rotor replacement

Nick Craig-Wood nick at craig-wood.com
Wed Jan 19 11:30:02 CET 2005


Robin Becker <robin at SPAMREMOVEjessikat.fsnet.co.uk> wrote:
>  Paul Rubin wrote:
> > "Reed L. O'Brien" <reed at intersiege.com> writes:
> > 
> >>I see rotor was removed for 2.4 and the docs say use an AES module
> >>provided separately...  Is there a standard module that works alike or
> >>an AES module that works alike but with better encryption?
> > 
> > 
> > If you mean a module in the distribution, the answer is no, for
> > political reasons.
> > 
>  .....I'm also missing the rotor module and regret that something useful 
>  was warned about and now removed with no plugin replacement.
> 
>  I had understood that this was because rotor was insecure, but you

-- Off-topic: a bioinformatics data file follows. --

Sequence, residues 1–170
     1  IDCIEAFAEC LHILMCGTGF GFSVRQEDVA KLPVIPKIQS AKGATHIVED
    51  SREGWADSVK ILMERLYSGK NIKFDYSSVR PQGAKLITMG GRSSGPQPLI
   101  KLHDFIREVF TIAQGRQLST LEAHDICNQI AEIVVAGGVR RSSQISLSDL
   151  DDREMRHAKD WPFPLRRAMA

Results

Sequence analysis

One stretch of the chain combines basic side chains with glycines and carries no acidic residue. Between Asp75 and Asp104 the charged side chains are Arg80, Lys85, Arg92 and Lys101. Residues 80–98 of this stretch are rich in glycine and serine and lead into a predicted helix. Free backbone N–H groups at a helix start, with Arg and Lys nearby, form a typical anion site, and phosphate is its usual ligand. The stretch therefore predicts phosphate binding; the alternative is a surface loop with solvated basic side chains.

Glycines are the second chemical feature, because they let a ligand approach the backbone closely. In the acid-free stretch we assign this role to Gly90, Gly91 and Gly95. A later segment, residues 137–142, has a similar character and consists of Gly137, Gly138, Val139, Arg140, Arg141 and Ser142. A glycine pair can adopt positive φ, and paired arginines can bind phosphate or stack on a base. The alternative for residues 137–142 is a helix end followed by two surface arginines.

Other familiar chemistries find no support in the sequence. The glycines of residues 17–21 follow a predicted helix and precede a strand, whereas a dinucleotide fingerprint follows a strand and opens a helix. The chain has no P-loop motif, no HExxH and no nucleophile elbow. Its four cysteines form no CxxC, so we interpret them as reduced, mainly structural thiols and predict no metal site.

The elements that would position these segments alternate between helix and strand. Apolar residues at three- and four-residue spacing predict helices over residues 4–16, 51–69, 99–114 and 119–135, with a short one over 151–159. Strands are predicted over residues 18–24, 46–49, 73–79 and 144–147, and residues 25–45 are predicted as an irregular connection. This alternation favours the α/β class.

>  mention politics. Are other useful modules to suffer from politics?
> 
>  What exactly are/were the political reasons for rotor removal?

Presumably he is talking about crypo-export rules.  In the past strong
cryptography has been treated as munitions, and as such exporting it
(especially from the USA) could have got you into very serious
trouble.

However I believe those restrictions have been lifted (the cat having
been let out of the bag somewhat ;-), and its easy to do this for open
source encryption software.  A wade through

  http://www.bxa.doc.gov/Encryption/enc.htm

Might be interesting.

A case in point: the linux 2.6 kernel is chock full of crypo and comes
with implementations of AES, ARC4, Blowfish, Cast5+6, DES, Serpent,
Twofish, TEA, etc.  The linux kernel+source surely goes everywhere
python does so I don't think adding strong crypto modules to python is
a problem now-a-days.

AES in the core python library would be very useful and it would
discourage people from writing their own crypto routines (looks easy
but isn't!)

-- 
Nick Craig-Wood <nick at craig-wood.com> -- http://www.craig-wood.com/nick



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